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2d sidescroller (collision detection)

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how to make a 2d level (bigger than the screen) and have efficent collision detection. I was originally using a collection class and randomly placing object along the screen and looping through the collection class to see if the player hascollided with any level object in the collection class. I wanted an easier and more efficent way of doing this. I was thinking of making a huge picture and just putting it on the screen and scrolling along it but I would know how to do collision detection since i couldn't put a e.g. square/rectangle around it. p.s. what technique did there use on sonic 2d games? thanks for looking later UF

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Hi,you may want per-pixel collision detection.Making a masked array of the map and objects,like :1 if there is pixel,0 if there is nothing.
In sonic ,like most 2D games ,they use tiled-base maps.They are squared bitmaps of 16*16 /32*32 pixels for example.You check if the player's bounding box collides with some of the objects' such box,and if it does you may want to perform further per-pixel check .

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For collision systems, you want the collision checks themselves to be as cheap as possible, but you also want to limit the number of collision checks as much as you can. When there's a thousand objects a mile away, why check against them?

For that reason, people often divide their world into smaller area's, and they then keep track of which object is in which area. This is commonly called 'space division', and for 2D situations, you can use a quadtree or something similar. When you're inside a node, you only check against the objects in the same node and in the parent nodes. Granted, you'll have a few extra checks agains the node boundary boxes, but these checks prevent you from checking against a lot of other objects, which can lead to a good performance gain.

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When there's a thousand objects a mile away, why check against them?... These checks prevent you from checking against a lot of other objects, which can lead to a good performance gain.
Is performance even an issue with 2D games, these days? I agree that a quadtree would definitely improve performance, but isn't that a little bit overkill?

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Original post by KG_Brad
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When there's a thousand objects a mile away, why check against them?... These checks prevent you from checking against a lot of other objects, which can lead to a good performance gain.
Is performance even an issue with 2D games, these days? I agree that a quadtree would definitely improve performance, but isn't that a little bit overkill?


Depends. Let's say you're creating a real-time strategy game with hundreds, maybe even thousands, of units which all need collision checking and response with the environment and each other.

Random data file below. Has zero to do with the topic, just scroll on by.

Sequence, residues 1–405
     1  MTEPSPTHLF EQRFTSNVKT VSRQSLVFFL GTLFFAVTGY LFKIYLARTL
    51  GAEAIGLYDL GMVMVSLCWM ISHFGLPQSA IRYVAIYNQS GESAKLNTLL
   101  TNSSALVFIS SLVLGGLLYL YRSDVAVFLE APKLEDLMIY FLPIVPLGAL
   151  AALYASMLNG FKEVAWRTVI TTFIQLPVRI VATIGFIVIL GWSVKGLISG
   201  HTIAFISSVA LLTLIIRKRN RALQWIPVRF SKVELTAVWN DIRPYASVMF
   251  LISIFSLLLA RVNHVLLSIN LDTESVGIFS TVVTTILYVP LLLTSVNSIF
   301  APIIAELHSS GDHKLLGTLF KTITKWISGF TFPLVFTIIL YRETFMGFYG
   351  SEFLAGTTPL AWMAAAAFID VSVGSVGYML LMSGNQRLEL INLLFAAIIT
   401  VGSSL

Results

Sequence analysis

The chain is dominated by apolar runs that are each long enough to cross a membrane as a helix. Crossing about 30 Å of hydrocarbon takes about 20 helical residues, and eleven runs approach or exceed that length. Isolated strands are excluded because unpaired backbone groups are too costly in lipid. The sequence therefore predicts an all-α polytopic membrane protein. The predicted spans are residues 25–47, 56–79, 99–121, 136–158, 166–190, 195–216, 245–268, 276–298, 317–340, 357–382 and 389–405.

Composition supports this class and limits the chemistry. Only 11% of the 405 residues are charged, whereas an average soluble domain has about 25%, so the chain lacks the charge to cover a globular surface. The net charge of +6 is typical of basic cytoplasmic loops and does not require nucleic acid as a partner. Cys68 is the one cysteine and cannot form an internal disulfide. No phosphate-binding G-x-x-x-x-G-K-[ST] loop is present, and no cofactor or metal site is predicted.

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With 100 moving objects, you end up with 10.000 checks per frame already. With 10 moving objects and 1.000 static ones, you end up with 11.000 checks per frame. It depends a lot on the game whether or not it will be an issue, and with somewhat large and complex levels, a platformer can get trouble with this just as well.

But yeah, if collision takes just a few percent of the total frame-time, then implementing a quadtree for a 60% performance gain will only yield you a few percent in total. Profile your code before optimizing it, but also build your code so, that it's not hard to implement such optimizations later, when they're needed.

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In my games, I store the location of solid tiles in an array. When I move a sprite, it checks if the location the sprite is moving towards is occupied by a solid tile. If so, the sprite doesn't move. If not, it moves to that location. It might not be the best method of collision detection, but it gets the job done.

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I was thinking of doing a grid-based system. My game (2d) has tiles that are 256x256. The server maintains a list of tiles in the game space, and within those tile squares there is a list of object IDs.

Only those object IDs, if there's more than 1, are tested against each other (and there are more filters from there, certain flags... such as stationary objects or non-collidable objects).

On the side I keep track of player characters (this is an mmo-type game), and only collide objects deemed in their "relevant" range (for replication), otherwise, the server performs no collision checks, since there's no players around to see them.

Well, this is the outline design, it's not in full force... yet.

I think the basic principle is what Captain was saying... use a quad tree, or some other sort of segmentation, to build object relevance... Don't test an object to another object if it doesn't make sense to.

That alone will increase performance tremendously. On top of that, box or sphere collisions are extremely quick if you don't mind them being a bit on the innaccurate side as far as shapes. If you need pixel-perfect collisions, it'll cost a bit more, but it'll look better.

Clanlib has an interesting way to handle collisions, using outlines (scalable and rotatational).

www.clanlib.org

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Original post by KG_Brad
You're making an MMO that's a sidescroller? I've never seen any before, so hopefully you're the first!


I've actually seen a few before. Surprisingly, they work pretty well...